CHICAGO — A plan to bring additional oversight to the Chicago Police Department was passed Wednesday afternoon by City Council.
The proposal, based on an agreement reached between Mayor Lori Lightfoot and police reform advocates regarding CPD oversight, was passed Tuesday night by the public safety committee on a 12-8 vote.
It was passed 36-13 by City Council in the full vote.
The deal comes with several conditions.
Under it, a seven-member commission would be appointed by the mayor.
Any prospective commissioners will need impressive qualifications:
- Two commissioners must have at least 10 years of experience as an attorney
- One commissioner must have at least 10 years of experience in community organizing
A new civilian oversight commission would try to hold CPD officers accountable for misconduct. It would have some authority to write policy and hold “no confidence” votes on key officials. But, Mayor Lori Lightfoot would retain the power to hire and fire the superintendent.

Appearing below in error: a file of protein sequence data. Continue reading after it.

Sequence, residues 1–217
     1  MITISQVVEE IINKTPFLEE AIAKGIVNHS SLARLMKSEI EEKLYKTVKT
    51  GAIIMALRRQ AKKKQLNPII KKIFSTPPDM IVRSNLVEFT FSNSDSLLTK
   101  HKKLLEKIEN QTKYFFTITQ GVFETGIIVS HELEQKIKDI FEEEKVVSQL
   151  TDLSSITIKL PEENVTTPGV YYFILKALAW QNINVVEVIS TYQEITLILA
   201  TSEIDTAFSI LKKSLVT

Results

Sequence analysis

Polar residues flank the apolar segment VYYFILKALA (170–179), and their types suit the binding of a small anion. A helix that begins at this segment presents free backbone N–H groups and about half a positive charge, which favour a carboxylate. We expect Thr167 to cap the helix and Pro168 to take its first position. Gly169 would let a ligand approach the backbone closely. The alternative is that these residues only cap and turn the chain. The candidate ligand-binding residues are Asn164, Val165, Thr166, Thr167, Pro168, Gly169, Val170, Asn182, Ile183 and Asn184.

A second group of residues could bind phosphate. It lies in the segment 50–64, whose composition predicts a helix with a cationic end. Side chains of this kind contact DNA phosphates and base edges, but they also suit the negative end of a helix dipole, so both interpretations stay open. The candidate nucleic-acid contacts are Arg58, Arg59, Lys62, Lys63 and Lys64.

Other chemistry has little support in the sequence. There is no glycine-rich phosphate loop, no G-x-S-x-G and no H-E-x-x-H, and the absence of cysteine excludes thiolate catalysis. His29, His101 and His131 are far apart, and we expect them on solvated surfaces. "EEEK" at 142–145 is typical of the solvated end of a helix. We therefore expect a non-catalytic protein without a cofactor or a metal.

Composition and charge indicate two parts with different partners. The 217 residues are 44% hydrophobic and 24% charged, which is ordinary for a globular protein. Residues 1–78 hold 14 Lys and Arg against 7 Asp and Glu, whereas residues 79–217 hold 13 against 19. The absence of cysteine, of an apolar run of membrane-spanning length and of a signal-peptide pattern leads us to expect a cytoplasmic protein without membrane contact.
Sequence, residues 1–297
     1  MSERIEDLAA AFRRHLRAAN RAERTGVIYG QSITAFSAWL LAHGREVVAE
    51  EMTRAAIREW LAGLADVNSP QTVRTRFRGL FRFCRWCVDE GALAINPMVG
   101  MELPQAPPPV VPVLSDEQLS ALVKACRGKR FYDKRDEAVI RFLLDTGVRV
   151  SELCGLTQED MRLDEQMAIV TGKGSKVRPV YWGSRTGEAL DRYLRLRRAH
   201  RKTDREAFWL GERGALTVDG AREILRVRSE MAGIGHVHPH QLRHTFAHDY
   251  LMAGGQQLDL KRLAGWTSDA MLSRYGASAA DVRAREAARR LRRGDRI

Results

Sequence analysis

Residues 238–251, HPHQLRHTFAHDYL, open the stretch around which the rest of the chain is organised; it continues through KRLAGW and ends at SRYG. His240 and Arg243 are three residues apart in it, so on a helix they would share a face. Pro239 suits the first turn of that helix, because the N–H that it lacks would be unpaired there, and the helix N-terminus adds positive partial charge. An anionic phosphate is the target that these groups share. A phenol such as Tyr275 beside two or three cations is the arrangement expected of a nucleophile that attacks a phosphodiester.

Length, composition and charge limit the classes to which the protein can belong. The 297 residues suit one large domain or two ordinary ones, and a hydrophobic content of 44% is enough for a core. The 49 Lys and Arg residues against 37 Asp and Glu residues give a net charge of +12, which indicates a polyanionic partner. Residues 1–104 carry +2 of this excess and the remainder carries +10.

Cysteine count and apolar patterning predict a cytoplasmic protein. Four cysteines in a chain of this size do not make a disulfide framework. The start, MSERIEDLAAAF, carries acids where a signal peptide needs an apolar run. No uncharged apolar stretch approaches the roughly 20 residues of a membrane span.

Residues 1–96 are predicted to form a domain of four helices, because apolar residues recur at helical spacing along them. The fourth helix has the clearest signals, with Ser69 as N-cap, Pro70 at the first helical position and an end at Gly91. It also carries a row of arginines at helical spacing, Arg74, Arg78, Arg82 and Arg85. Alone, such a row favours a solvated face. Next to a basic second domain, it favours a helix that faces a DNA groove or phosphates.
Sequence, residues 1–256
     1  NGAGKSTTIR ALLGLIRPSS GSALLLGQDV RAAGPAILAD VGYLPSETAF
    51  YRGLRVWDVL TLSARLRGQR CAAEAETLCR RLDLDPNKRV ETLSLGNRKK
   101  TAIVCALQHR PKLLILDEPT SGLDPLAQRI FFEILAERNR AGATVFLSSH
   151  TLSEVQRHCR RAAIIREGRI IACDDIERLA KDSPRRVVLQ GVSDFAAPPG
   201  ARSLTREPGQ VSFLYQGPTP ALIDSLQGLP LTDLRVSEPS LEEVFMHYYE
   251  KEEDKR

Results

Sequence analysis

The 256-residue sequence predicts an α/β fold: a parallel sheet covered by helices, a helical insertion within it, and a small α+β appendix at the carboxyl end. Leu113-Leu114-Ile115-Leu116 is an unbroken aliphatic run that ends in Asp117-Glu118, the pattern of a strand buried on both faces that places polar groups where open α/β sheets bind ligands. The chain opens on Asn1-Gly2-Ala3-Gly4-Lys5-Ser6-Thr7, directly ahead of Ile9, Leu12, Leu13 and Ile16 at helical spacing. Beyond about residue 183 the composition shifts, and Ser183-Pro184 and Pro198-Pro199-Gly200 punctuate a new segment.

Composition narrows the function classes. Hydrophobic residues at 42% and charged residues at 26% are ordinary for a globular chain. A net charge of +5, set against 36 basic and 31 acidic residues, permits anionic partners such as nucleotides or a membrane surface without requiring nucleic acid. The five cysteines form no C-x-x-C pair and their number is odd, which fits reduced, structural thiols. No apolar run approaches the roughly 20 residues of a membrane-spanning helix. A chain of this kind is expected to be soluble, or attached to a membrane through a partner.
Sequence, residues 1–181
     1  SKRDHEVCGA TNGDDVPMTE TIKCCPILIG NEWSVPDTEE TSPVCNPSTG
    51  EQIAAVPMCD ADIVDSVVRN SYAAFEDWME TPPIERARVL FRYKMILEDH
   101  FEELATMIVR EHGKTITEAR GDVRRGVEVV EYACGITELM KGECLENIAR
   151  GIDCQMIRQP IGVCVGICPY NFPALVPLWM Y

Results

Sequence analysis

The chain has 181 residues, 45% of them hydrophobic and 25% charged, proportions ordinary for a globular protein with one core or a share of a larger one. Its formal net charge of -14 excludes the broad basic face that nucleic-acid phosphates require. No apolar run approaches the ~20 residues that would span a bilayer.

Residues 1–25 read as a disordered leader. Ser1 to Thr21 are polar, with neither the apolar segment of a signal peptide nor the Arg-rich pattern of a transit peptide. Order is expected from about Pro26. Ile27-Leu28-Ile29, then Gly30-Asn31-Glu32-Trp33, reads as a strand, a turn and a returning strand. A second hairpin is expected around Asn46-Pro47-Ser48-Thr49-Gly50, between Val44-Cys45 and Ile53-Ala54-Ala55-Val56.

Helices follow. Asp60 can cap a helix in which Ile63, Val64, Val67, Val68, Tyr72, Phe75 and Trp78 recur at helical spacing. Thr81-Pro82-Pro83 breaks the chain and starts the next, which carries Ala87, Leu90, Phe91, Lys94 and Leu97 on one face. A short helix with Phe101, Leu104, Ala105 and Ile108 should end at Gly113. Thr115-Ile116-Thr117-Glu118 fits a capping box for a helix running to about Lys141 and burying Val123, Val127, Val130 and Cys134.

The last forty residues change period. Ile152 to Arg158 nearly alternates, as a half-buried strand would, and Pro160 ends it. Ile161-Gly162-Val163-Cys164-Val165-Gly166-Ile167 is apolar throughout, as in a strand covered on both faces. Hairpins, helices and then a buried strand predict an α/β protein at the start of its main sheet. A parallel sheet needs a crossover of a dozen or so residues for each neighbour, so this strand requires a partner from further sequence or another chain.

For decades grassroots organizations pushed for community oversight of police. Their demands picked up steam after the release of video showing the murder of Laquan McDonald.
“We knew that our city had to take action to ensure that people in ever community feel safe,” Ald. Carlos Ramirez Rosa said.
Mayor Lightfoot campaigned on civilian oversight, but she fought with activists over a final ordinance.
“Public safety is issue. Not a number of priorities including public, it is the issue,” Lightfoot said.
The ordinance establishes 22 district councils. Three members would be elected in each district beginning in 2023. The position is largely an advisory post.
“The community has a voice in what goes on. There’s no other ordinance in the country where say rests with the community. In this ordinance say rests with the community,” Ald. Roderick Sawyer said. “The mayor has of course what he or she can override and then the Council then has an opportunity to override that.”
The police union president said the commission is unnecessary.